United States District Court, W.D. Texas, San Antonio Division
JAMES E. MORRIS, Plaintiff,
NATIONAL SEATING & MOBILITY, INC., Defendant.
REPORT AND RECOMMENDATION OF UNITED STATES MAGISTRATE
ELIZABETH S. ("BETSY") CHESTNEY, UNITED STATES
Report and Recommendation concerns Defendant National Seating
& Mobility, Inc.'s, Motion for Summary Judgment [#8].
Also before the Court is Plaintiff James E. Morris'
Motion for Modification of Scheduling Order and for Leave of
Court to File First Amended Complaint [#11]. On January 7,
2019, the Honorable Fred Biery referred all pre-trial
proceedings in this case to the undersigned for disposition
pursuant to Rule 72 of the Federal Rules of Civil Procedure
and Rules CV-72 and 1(c) of Appendix C of the Local Rules of
the United States District Court for the Western District of
Texas [#17]. The undersigned has authority to issue this
Report and Recommendation pursuant to 28 U.S.C. §
636(b)(1)(B). For the reasons set forth below, it is
recommended that Defendant's Motion for Summary Judgment
be GRANTED and Plaintiff's Motion for Modification of
Scheduling Order and for Leave of Court to File First Amended
Complaint be DENIED.
December 12, 2017, Plaintiff James E. Morris
(“Plaintiff”) filed a complaint against Defendant
National Seating & Mobility, Inc.
(“Defendant”), in the 37th Judicial District
Court of Bexar County, Texas, alleging claims for strict
products liability, breach of warranty, and
negligence. Plaintiff served Defendant through its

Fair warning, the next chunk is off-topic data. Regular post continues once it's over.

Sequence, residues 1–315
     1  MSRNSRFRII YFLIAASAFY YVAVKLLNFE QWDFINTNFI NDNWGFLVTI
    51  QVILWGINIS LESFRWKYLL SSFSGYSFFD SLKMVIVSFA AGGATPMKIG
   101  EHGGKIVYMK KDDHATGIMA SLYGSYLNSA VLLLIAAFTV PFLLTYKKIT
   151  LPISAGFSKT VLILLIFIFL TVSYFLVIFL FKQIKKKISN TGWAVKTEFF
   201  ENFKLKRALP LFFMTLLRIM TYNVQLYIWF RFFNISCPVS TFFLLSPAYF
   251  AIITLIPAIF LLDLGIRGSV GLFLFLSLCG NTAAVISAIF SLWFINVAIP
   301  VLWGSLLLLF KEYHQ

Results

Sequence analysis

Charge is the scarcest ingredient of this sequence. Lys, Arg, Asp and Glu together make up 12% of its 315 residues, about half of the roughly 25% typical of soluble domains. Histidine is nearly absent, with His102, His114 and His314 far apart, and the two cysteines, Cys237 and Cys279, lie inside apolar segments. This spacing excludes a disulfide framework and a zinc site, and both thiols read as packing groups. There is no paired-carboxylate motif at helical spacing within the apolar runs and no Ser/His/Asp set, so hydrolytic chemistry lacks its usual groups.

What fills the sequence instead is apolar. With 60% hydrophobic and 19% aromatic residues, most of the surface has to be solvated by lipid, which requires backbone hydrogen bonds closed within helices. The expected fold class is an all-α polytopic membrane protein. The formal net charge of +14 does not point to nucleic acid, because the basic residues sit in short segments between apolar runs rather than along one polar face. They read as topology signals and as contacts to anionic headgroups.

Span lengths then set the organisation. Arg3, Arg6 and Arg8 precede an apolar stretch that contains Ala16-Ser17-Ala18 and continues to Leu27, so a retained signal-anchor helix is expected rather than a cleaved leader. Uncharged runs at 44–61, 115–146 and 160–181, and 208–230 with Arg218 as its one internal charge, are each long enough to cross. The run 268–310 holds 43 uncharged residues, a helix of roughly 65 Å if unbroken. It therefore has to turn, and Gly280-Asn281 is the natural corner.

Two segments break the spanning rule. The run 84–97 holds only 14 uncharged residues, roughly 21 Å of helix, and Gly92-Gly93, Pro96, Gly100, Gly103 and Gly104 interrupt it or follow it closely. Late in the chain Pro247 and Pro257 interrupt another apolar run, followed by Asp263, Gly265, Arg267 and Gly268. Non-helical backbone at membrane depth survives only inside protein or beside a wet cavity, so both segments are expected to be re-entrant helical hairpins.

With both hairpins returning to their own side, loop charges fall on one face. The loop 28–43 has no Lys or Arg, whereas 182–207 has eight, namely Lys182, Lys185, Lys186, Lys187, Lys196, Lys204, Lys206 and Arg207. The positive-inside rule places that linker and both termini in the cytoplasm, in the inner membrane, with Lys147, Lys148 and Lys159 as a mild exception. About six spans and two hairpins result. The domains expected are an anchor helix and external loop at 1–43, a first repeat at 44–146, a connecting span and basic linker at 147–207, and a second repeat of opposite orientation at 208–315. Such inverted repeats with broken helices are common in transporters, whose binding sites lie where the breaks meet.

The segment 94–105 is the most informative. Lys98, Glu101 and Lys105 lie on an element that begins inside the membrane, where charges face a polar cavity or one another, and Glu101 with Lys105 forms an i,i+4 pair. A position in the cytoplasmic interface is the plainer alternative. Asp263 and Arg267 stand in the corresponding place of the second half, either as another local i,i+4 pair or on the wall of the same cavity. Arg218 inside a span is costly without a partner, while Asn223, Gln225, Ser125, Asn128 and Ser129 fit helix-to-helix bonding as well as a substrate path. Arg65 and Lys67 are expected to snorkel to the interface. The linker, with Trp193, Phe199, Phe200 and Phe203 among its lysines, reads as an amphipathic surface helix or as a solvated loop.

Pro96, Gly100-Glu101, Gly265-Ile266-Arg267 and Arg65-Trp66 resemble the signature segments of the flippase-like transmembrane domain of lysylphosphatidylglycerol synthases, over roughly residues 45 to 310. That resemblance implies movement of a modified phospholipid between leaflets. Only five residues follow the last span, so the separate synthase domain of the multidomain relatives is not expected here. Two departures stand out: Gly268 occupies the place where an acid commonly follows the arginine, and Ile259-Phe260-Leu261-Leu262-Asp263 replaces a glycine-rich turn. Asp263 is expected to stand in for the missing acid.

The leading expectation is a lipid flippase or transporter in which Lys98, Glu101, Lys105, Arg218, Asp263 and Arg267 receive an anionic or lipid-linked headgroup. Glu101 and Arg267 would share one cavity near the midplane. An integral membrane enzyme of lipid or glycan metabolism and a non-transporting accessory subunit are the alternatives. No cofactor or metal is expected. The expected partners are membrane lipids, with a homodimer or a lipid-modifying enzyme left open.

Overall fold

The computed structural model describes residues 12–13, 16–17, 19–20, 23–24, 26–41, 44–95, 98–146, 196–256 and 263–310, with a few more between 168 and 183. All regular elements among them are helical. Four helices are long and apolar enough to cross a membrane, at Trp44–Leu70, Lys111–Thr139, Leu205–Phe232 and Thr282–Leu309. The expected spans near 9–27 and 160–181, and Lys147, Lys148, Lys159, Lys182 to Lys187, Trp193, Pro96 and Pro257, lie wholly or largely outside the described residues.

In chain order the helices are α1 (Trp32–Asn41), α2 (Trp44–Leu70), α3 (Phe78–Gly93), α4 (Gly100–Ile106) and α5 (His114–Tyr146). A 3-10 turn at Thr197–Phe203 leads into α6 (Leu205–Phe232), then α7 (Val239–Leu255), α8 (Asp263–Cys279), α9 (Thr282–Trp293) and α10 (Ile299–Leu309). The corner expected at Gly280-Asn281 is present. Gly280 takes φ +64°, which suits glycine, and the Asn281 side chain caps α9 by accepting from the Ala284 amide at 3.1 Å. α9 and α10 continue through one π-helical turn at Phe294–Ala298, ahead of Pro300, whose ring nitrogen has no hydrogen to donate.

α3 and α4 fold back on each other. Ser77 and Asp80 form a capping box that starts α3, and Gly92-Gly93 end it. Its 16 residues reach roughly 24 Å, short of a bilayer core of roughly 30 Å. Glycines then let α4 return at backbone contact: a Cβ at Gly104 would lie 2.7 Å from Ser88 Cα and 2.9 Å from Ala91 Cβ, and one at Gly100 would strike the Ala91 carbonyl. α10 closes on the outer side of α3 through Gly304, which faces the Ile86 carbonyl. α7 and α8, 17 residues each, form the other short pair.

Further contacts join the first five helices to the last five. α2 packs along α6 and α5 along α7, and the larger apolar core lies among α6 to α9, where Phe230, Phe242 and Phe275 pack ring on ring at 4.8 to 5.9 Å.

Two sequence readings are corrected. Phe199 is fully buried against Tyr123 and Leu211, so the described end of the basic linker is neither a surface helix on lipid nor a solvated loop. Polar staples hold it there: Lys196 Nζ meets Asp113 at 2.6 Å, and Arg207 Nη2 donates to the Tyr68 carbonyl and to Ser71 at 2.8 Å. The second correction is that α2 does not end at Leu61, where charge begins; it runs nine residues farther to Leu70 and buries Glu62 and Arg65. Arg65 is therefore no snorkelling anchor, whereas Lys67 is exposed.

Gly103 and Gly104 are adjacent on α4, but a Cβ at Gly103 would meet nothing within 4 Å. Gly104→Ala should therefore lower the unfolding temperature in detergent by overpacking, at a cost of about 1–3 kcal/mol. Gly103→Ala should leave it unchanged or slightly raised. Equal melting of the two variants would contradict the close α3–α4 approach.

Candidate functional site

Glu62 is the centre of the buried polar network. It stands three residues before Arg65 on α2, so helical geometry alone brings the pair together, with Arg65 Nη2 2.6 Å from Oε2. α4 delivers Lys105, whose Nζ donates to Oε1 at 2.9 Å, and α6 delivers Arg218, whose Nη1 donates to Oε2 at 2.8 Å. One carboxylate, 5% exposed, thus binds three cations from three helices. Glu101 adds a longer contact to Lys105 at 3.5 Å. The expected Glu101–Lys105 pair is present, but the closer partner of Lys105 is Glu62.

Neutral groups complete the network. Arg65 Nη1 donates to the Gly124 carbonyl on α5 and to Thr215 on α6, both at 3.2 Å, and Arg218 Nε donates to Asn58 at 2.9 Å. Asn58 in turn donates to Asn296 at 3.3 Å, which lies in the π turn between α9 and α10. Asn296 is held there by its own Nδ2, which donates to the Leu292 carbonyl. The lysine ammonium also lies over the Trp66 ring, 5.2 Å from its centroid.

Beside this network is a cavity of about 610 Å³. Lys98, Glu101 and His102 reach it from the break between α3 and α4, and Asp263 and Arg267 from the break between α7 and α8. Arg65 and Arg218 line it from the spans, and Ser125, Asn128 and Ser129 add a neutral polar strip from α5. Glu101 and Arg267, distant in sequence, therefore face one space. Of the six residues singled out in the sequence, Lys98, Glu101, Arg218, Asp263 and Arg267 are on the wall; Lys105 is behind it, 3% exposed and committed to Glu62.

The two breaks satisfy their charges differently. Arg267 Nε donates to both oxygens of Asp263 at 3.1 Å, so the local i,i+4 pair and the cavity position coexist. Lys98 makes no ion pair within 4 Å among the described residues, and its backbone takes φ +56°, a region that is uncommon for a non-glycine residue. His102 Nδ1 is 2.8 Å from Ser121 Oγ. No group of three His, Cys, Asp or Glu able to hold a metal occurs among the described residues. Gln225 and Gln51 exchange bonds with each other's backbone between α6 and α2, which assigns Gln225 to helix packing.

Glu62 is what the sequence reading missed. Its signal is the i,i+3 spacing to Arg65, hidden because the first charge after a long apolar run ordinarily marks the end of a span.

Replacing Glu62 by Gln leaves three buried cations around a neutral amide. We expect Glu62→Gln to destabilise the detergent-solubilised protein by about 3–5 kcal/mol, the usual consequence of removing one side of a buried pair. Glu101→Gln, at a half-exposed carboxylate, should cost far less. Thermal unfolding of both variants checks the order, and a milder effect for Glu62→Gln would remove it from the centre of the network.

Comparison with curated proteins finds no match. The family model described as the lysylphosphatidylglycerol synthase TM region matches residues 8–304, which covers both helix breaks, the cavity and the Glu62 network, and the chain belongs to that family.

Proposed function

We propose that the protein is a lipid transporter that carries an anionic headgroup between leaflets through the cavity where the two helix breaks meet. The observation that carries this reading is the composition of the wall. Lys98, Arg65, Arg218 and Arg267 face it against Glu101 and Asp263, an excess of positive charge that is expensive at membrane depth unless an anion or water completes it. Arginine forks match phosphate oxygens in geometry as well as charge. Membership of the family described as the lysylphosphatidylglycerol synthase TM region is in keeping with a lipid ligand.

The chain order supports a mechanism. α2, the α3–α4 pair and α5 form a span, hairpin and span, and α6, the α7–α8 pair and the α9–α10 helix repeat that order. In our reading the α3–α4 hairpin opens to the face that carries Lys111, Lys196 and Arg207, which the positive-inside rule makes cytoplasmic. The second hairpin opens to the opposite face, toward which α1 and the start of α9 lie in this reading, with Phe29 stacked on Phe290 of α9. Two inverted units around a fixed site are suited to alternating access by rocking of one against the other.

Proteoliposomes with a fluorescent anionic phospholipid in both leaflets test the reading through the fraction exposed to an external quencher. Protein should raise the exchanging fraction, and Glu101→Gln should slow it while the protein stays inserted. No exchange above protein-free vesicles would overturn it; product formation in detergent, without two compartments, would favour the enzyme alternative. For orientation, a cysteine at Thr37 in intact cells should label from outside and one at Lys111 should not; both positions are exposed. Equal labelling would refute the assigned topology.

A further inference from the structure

registered agent on December 21, 2017, and Defendant timely
filed its Notice of Removal [#1] in this Court on January 17,
Court entered a scheduling order on April 19, 2018 [#6]. The
Scheduling Order set the deadline for amendment of pleadings
as July 20, 2018. (Scheduling Order [#6] at ¶ 3.) The
Scheduling Order also set the deadline for Plaintiff to
designate testifying experts as August 15, 2018, but
Plaintiff has not designated any experts or served any expert
reports. (Id. at ¶ 4.) Discovery closed on
November 15, 2018. (Id. at ¶ 6.)
November 30, 2018, Defendant filed a motion for summary
judgment [#8]. A response [#9], a reply [#10], and two
sur-replies [#15, #20] have been filed. On January 4, 2019,
Plaintiff filed a motion to modify the scheduling order and
for leave to file a first amended complaint [#11]. Defendant
filed a response [#18].
Facts Established by the Summary Judgment Record
material facts in the summary judgment record, viewed in the
light most favorable to Plaintiff, the non-movant, are as
follows. In 2013, Plaintiff purchased a motorized wheelchair
from Defendant's San Antonio branch. (Doc. 9-3 at 1-8.)
Plaintiff is a paraplegic and is “completely
dependent” on his wheelchair for his mobility needs.
(Id. at 56.) Plaintiff's wheelchair was
manufactured and assembled by Pride Mobility Products
Corporation and Quantum Rehab. (Aff. of Robert Black [#8-2]
at ¶ 4.) Defendant was involved in the process of
fitting Plaintiff for the wheelchair, ordering the wheelchair
from the manufacturers, delivering the wheelchair to
Plaintiff, and providing maintenance and repair services for
the wheelchair. (Id. at ¶¶ 4-5.) When he
purchased the wheelchair, Plaintiff weighed 255 pounds, and
the wheelchair had a maximum weight capacity of 300 pounds.